"Croatia received the unanimous support of the Council for Internal Affairs and Justice - on January 1, 2023, we will become a member of Schengen! In the year of delivery, we achieved the Government's strategic goals, from which citizens and the economy will benefit the most!" - Plenković wrote on Twitter after the official announcement that Croatia is becoming a Schengen member.

For more, make sure to check out our dedicated Politics section.

Saturday, 26 November 2022

Austria Won't Block Croatian Schengen Path, But Germany Might

November the 26th, 2022 - Despite claims to the opposite, Austria has recently cleared up the fact that it will not be standing in the way of the planned Croatian Schengen entry at the beginning of 2023, citing complaints with Schengen expansion in general, and not merely about Croatian accession. Germany, however, might throw a spanner in the works yet.

As Ines Sabalic/Poslovni Dnevnik writes, Austria will not prevent Croatian Schengen membership from going ahead, and neither will Sweden, which had also threatened to do so in the past. But Germany could.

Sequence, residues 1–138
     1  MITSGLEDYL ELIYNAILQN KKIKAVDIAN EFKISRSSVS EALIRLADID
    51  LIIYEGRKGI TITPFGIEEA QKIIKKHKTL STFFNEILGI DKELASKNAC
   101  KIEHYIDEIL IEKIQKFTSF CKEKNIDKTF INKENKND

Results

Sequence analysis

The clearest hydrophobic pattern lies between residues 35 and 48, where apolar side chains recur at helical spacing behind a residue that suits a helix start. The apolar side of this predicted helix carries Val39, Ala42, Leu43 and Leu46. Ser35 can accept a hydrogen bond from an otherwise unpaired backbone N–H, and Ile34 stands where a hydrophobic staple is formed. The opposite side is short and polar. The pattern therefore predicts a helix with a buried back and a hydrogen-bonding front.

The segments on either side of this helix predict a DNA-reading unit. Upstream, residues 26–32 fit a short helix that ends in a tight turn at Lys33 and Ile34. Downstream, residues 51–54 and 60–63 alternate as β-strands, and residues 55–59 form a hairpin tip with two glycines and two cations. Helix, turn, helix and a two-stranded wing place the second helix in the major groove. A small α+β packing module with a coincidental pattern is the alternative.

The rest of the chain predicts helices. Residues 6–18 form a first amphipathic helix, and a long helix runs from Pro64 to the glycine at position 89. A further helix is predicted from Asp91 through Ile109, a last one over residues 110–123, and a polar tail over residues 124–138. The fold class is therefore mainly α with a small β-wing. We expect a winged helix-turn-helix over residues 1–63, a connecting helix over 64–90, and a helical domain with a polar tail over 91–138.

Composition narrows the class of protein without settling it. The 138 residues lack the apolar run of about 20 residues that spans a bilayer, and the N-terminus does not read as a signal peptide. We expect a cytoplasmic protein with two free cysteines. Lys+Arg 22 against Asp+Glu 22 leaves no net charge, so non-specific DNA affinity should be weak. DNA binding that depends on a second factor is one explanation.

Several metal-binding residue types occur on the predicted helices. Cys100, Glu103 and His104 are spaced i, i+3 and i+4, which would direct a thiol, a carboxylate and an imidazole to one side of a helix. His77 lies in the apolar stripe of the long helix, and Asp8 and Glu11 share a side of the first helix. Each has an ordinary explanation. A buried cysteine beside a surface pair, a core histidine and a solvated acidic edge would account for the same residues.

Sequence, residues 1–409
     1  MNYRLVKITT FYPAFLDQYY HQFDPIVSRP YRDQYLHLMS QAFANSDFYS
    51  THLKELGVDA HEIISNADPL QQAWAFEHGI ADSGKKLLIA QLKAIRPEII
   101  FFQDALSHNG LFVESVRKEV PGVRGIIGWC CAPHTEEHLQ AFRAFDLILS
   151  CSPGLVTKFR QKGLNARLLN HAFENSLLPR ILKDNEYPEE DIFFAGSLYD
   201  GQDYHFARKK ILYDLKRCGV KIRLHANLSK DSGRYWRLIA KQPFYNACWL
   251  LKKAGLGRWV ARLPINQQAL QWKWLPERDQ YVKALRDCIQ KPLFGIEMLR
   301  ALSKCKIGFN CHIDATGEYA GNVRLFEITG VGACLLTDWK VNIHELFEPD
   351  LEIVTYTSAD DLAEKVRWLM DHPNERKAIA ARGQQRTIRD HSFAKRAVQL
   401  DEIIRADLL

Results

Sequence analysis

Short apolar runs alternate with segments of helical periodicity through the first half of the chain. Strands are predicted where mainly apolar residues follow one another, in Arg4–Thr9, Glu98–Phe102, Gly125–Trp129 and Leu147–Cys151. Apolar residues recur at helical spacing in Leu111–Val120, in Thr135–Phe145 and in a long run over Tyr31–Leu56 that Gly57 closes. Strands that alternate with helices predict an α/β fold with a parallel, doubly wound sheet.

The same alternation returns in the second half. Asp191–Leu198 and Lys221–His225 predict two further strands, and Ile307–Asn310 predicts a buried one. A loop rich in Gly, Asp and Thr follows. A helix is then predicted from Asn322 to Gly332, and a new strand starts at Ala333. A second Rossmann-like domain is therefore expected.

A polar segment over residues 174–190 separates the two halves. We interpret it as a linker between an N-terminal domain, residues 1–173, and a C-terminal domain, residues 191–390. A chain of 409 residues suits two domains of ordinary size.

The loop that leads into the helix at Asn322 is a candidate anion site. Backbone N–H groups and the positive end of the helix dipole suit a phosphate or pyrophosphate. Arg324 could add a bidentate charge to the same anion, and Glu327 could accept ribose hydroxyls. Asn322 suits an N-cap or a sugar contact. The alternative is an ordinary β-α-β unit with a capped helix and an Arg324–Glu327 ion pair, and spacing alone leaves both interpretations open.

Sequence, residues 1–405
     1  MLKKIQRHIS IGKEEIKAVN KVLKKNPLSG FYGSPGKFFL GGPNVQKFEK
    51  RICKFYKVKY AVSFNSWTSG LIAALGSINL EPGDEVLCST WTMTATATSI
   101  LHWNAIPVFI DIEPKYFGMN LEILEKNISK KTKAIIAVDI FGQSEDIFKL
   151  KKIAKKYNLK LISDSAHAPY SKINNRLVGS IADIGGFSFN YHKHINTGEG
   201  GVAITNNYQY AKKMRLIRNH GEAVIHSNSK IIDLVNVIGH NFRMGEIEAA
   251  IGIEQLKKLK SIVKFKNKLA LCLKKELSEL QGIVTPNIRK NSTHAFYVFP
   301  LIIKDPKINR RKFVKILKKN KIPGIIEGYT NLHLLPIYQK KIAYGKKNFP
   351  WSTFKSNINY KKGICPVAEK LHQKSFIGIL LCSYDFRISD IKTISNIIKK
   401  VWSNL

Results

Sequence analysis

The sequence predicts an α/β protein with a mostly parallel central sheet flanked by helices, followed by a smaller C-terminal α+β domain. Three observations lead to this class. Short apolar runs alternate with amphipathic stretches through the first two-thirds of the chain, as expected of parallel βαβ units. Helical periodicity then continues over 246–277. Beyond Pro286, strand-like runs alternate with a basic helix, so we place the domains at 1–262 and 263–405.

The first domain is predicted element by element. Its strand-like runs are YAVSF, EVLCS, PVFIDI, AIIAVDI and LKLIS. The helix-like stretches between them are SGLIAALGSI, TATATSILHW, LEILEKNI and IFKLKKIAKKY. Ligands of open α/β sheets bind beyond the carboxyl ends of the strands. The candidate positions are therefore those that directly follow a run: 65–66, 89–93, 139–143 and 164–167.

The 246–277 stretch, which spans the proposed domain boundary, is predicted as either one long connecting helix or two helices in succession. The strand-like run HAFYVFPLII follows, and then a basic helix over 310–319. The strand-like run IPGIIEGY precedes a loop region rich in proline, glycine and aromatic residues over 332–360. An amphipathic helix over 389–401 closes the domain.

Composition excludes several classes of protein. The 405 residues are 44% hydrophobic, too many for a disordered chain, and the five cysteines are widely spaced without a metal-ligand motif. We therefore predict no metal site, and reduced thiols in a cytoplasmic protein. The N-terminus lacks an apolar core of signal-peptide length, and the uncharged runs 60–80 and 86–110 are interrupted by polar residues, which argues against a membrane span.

There is a high chance that Croatian Schengen entry will go ahead without much fuss, but a last-minute issue is also possible. At the moment, in all the Schengen capitals that are being asked about Schengen, Zagreb, the responses are positive to Croatian entry. However, it's not over yet, because there can be unpleasant surprises where you least expect it, and some last minute problems, so we've heard, do indeed exist.

Schengen is much more than free border crossings and data exchanges, which, along with Eurozone entry in January 2023, is a question of confirming political identity for Croatia. For large member states and countries close to the center of the EU, identity is self-evident. For the Scandinavians, the EU is a rational choice. The British refused it for a multitude of reasons. It is crucial for Croatia and this confirmation would have a beneficial effect.